SIR- The formation of the letters strikes me as resembling in many aspects corresponding letters in German handwriting - e.g., the capitals J. G. I., the small zig-zag w (in "want to get to work"), ff, and g, &c. "I have laughed" and "till I do get buckled" are specimens of very questionable English. "Buckled" is not, I think, English idiom, though it readily conveys the idea of being pinioned. It may be worthy of remark that the first two letters in "Juwes" - so written, it is said, in the writing on the wall - are the first two letters in the same word in German. In the collocation of those words the relative positions in German and English of the negative not may also be matter for careful observation. The writer may not necessarily be a German, but I cannot help thinking that German or some kindred patois must be his mother tongue - that he is not, in other words, to the English manner born. - I am, &c.,
A. B. C.
The information from a person at Llanelly, South Wales, to the effect that on Saturday before the discovery at Whitehall he saw a man climb the railings, other men, with a truck on which was a bag being in waiting, has been investigated by the detective officers who have the case in hand with the result that the incident has been ascertained to have no connection with the placing of the trunk in the vault. A workman got over the railings in Cannon-row to open a door which was fastened from the inside, so as to enable another man to carry in a bag of sand which was on the truck. Inspector Marshall and Sergeant Rose are pursuing their inquiries in the neighbourhood of Pimlico. A theory has been advanced that the murdered woman was a foreign unfortunate.
DISCOVERY OF MORE REMAINS AT WHITEHALL.
The Central News says that more human remains, consisting of a leg and foot, have just been found at the new police buildings at Whitehall, near the spot where the decomposed body of a woman was recently discovered.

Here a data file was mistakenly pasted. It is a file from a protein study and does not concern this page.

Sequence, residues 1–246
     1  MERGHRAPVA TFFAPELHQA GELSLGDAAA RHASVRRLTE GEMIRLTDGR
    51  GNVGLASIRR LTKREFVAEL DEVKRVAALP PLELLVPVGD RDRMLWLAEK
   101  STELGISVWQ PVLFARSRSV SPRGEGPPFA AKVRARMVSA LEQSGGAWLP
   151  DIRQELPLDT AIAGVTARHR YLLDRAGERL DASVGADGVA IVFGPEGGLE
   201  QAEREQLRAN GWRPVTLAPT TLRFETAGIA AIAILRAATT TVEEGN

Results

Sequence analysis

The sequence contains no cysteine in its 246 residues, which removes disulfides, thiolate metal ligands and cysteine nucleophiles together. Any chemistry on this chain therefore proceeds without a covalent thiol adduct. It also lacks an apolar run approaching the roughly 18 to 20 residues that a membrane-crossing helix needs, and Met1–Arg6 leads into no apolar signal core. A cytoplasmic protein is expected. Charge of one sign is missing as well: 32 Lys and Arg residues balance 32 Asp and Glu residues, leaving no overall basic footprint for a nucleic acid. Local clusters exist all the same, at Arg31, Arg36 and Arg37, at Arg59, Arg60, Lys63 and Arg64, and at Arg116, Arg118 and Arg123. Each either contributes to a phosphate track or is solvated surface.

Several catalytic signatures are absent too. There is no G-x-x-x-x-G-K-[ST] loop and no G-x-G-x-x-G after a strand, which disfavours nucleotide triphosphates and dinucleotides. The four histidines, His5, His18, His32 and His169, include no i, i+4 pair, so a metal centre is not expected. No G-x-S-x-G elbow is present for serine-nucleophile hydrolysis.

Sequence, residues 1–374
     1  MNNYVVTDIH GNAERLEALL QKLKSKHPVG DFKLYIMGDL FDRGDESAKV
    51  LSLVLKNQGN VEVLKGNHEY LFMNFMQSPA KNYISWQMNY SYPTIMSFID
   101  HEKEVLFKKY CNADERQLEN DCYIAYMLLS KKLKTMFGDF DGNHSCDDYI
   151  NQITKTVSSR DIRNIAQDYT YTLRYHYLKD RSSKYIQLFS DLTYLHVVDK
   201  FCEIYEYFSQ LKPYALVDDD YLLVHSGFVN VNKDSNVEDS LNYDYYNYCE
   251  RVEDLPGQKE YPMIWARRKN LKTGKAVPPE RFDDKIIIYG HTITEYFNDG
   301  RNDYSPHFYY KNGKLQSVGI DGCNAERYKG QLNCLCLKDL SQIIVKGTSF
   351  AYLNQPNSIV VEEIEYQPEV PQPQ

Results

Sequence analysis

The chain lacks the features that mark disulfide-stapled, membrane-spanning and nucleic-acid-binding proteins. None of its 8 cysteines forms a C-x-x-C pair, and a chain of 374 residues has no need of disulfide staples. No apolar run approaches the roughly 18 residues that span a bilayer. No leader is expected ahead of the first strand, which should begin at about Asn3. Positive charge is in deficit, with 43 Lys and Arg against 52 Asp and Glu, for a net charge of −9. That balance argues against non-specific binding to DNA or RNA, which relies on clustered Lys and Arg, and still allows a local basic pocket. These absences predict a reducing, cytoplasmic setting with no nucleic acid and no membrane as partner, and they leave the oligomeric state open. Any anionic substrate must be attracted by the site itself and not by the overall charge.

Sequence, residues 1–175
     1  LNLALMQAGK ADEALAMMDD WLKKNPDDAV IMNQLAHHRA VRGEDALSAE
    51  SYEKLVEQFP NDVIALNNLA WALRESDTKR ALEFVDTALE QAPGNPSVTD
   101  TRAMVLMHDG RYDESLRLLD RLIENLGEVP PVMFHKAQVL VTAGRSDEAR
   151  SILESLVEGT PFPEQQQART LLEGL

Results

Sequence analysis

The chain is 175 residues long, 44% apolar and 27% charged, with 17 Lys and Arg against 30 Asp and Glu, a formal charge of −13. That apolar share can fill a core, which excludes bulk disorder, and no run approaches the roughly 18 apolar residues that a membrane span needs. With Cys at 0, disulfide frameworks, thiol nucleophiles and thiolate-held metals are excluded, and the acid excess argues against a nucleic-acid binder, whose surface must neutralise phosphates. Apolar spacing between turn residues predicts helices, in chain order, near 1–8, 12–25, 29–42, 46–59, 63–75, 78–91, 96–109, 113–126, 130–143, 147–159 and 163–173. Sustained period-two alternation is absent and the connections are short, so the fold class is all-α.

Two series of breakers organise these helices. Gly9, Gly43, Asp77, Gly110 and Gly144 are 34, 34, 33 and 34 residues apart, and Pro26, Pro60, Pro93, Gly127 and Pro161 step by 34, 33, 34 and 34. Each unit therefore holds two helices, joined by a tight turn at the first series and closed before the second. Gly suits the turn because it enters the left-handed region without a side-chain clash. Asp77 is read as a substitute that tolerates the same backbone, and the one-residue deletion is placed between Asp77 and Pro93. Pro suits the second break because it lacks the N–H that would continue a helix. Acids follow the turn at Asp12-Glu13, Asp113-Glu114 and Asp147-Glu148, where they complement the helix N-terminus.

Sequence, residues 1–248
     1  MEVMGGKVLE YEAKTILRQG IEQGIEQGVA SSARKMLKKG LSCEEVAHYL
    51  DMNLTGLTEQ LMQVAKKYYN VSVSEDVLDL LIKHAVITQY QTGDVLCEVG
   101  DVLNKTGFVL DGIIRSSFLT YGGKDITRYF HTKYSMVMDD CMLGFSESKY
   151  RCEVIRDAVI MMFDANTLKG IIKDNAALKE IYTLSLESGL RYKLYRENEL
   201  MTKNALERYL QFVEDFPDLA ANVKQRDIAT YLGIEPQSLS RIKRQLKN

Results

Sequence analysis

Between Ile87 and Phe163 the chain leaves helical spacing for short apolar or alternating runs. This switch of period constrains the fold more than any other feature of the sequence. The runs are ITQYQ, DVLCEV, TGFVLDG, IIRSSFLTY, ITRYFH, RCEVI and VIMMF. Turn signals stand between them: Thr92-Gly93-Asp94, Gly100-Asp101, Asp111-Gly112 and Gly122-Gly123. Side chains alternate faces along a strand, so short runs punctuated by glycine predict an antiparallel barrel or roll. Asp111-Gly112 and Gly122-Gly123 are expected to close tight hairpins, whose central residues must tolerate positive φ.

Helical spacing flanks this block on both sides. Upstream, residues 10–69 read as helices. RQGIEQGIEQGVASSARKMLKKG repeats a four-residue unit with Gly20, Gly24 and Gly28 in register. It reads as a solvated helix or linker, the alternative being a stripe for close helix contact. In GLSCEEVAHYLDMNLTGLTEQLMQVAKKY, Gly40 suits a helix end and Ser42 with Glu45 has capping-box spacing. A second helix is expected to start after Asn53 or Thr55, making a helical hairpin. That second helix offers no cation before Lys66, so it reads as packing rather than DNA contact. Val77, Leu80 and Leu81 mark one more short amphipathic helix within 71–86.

The startling story published yesterday with reference to the finding of a blood-stained shirt and the disappearance of a man from a lodging-house in the East-end proves upon investigation to be of some importance. On Monday afternoon the truth of the statement was given an unqualified denial by the detective officers immediately after its publication and this presumably because they were anxious to avoid a premature disclosure of facts of which they had been for some time cognisant. From the very morning of the murders, the police, it is stated, have had in their possession a shirt saturated with blood. Though they say nothing they are evidently convinced that it was left in a house in Batty-street by the assassin after he had finished his work. Having regard to the position of this particular house, its close proximity to the yard in Berner-street, where the crime was committed, and to the many intricate passages and alleys adjacent, the police theory has, in all probability, a basis of fact. An examination of the surroundings leads to the conclusion that probably in the whole of Whitechapel there is no quarter in which a criminal would be more likely to evade police detection, or observation of any kind, than he would be in this particular one. At the inquest on Mrs. Stride one of the witnesses deposed to having seen a man and a woman standing at the junction of Fairclough and Berner-streets early on the morning of the murder. Assuming that the man now sought was the murderer, he would have gained instant access to the house in Batty-street by rapidly crossing over from the yard and traversing a passage, the entrance of which is almost immediately opposite to the spot where the victim was subsequently discovered. The statement has been made that the landlady of the lodging-house, 22, Batty-street - the house in which the shirt was left - was at an early hour disturbed by the movements of the lodger who changed some of his apparel and went away; first, however, instructing her to wash the cast-off shirt by the time he returned. But in relation to this latter theory, the question is how far the result of the inquiries made yesterday is affected by a recent arrest. Although, for reasons known to themselves, the police during Saturday, Sunday, and Monday answered negatively all questions as to whether any person had been arrested or was then in their charge, there is no doubt that a man was taken into custody on suspicion of being the missing lodger from 22, Batty-street, and that he was afterwards set at liberty.